Rachel Shaw of Lincolnshire Wildlife Trust focuses on spiders found around our homes.
Garden spiders rebuild their webs every day as they are easily damaged as trapped insects struggle, by the wind or other items catching them or walking into them. A nice new web increases their chances of catching prey. Nothing goes to waste; the spider will eat the old web, re-using the proteins that are in the silk. The spider in my porch is still small; its body is about 5mm but if it survives, it could grow at least twice as big.
With their beautiful but deadly webs, it’s easy to think of spiders as predators but spiders can also be prey. The spider in my porch is perhaps safer than in the garden where a male house sparrow has been visiting. On two separate occasions, I’ve witnessed him flying – almost hovering – in front of a spider’s web and attempting to pluck the spider from the centre. The first time he missed and the spider scurried to safety. When the spider returned to sit at the centre of her web, the sparrow got his meal. I saw the sparrow again later, picking another spider from its web.
At this time of year, the garden seems alive with spiders. One that I always keep a look out for is the zebra spider. As the name suggests it has black and white stripes like a zebra but it behaves more like a big cat – stalking its prey before pouncing on it rather than making a web.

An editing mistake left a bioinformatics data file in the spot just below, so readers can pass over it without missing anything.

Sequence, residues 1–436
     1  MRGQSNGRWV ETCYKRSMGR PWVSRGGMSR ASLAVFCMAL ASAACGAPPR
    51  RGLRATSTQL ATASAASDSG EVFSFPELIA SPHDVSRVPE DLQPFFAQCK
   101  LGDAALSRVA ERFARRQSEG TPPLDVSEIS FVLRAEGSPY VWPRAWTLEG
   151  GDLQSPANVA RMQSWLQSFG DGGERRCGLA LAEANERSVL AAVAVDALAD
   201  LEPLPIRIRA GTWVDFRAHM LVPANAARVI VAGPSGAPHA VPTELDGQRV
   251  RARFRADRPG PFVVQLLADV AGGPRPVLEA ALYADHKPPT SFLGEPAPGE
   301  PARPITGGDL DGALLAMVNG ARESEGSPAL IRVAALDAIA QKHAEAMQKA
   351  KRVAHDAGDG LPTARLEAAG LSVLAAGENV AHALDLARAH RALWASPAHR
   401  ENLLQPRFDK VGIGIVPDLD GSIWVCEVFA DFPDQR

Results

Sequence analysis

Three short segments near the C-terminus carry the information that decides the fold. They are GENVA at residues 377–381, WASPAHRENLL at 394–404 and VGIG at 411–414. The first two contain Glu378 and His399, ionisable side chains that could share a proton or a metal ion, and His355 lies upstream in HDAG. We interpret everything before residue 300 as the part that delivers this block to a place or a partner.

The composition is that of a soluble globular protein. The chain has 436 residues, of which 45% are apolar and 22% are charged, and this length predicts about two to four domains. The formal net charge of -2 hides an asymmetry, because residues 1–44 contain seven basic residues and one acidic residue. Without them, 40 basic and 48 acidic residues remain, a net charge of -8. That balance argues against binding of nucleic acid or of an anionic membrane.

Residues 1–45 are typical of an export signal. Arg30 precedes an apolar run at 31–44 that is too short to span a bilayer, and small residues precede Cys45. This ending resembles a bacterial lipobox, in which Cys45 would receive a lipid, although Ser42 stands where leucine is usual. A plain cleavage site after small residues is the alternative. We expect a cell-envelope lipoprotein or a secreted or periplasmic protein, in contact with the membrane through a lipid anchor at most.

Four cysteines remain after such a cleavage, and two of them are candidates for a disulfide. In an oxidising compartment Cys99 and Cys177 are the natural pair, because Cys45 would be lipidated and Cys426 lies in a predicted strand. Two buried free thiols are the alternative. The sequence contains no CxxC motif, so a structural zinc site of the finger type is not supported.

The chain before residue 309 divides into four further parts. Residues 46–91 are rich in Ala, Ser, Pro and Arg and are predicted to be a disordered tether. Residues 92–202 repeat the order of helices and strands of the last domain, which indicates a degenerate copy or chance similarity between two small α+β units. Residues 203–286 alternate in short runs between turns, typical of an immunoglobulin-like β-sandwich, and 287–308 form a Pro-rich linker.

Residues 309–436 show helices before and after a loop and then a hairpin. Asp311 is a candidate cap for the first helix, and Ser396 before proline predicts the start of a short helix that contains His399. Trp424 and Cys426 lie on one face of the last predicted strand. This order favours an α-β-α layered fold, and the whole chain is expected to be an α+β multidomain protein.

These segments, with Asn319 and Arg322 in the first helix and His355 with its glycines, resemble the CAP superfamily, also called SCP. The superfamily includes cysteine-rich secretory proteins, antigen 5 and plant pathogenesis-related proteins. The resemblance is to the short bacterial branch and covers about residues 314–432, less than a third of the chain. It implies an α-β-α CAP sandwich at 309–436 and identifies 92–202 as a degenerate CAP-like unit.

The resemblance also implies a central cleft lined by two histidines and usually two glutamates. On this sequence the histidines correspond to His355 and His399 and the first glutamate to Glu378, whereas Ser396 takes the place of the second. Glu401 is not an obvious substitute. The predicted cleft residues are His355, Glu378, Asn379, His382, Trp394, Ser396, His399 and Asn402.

Most feared of those that take up residence in our homes is probably the house spider. These are the large hairy spiders that run across the floor and get stuck in the bath. They are usually most active in late summer and early autumn when the males are out and about looking for females (after mating, the male dies and is eaten by the female – his nutrients contributing to the development of his young!)
Then there is the daddy long-legs spider that usually hangs upside down from the ceiling or in a corner of the bathroom (not to be confused with the daddy long-legs fly also known as a crane-fly, which is equally gangly-legged but also flies, often bumbling into lights at night). I’m happy to have these in my home as they do a useful job feasting on midges and mosquitoes.